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They'd be pretty useless for saying Howdy, wouldn't they, particularly over 13 billion light years. It'd be rather inconvenient having

to wait 26 billion years to find out if just maybe you might get a reply. So yes, using radio to establish contact with extraterrestrial

civilisations would be pretty useless really.

I used the 13,8B LY example just to explain what distance radio waves can travel. Of course, 26BY for a 2-way communication is

quite lousy, no question about that. Nonetheless is a research on the radio band important and currently the only option we have

the highest number of equipment for. And also a 1-way communication, recieved by us, would give the proof for extraterrestrial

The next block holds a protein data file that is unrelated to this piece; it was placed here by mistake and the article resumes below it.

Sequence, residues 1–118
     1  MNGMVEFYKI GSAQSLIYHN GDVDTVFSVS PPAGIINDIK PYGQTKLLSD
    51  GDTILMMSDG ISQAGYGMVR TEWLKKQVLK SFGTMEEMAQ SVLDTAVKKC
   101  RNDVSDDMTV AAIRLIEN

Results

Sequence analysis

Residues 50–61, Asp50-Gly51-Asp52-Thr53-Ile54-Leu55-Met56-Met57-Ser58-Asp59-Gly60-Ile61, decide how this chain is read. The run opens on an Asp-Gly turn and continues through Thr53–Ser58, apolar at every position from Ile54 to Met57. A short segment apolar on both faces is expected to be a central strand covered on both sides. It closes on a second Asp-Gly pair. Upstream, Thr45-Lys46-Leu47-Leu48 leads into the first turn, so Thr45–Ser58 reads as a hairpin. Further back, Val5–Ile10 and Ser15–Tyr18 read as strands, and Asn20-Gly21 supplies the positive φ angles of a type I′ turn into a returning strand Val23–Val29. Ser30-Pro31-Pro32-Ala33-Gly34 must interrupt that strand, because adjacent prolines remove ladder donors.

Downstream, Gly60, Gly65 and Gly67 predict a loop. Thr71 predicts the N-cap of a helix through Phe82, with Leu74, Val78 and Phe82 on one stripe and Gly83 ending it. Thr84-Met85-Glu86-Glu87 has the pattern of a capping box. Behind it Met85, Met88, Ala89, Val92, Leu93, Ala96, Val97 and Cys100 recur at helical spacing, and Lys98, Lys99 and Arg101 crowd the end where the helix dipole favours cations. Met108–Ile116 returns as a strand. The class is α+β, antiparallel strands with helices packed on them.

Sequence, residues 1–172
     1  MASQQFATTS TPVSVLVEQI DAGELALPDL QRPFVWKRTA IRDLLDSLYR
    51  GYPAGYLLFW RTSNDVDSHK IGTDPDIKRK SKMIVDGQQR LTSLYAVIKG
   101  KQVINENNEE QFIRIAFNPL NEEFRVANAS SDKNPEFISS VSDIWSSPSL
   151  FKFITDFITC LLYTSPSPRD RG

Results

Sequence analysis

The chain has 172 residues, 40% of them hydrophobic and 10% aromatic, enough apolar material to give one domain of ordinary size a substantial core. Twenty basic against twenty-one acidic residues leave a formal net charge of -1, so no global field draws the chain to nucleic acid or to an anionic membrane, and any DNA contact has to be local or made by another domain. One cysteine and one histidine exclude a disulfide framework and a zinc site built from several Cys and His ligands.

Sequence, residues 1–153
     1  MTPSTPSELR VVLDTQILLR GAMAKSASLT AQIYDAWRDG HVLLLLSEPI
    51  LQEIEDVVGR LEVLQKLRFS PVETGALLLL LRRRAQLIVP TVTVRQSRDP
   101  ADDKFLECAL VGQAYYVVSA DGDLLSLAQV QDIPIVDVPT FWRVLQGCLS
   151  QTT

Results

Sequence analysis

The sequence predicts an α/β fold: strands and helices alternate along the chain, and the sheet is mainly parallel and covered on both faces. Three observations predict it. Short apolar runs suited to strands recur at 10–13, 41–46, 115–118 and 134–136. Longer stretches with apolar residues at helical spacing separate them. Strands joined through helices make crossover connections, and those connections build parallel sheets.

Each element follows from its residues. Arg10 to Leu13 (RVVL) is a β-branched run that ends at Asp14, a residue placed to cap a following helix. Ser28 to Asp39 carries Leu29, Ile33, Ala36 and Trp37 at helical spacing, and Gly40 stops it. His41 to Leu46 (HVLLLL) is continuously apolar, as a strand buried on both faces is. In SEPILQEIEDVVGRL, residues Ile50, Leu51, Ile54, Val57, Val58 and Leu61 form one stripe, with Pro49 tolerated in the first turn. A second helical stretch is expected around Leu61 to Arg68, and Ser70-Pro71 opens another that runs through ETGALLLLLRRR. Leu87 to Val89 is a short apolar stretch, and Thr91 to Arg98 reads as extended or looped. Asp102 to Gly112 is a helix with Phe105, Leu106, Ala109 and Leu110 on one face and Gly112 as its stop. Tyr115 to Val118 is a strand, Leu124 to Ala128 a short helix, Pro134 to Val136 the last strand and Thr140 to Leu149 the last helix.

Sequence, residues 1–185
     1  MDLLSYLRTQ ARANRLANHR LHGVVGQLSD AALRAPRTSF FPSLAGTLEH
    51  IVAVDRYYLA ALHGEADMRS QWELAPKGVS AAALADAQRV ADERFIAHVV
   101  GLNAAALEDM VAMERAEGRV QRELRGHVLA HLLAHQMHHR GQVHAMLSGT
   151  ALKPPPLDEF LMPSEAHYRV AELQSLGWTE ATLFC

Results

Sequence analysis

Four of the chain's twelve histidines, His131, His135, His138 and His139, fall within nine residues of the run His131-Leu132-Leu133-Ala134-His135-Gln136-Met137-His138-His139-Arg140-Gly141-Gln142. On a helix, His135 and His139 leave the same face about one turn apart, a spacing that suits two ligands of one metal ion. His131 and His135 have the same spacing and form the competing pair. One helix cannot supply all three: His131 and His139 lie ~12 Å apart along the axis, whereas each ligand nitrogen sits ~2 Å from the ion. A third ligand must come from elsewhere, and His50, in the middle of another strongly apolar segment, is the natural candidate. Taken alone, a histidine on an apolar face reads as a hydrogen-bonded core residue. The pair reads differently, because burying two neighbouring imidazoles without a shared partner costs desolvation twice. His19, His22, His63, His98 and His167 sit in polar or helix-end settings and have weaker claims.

intelligent beings out there. And that`s the main target of the SETI research.

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When we are one of 40 billion possible planets to explore, mathematically the odds would seem to be against ever making contact in the expected life span of the universe

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When we are one of 40 billion possible planets to explore, mathematically the odds would seem to be against ever making contact in the expected life span of the universe

Depends on how many of them are inhabited. If only a few then we probably will never make contact. That is my view.
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When we are one of 40 billion possible planets to explore, mathematically the odds would seem to be against ever making contact in the expected life span of the universe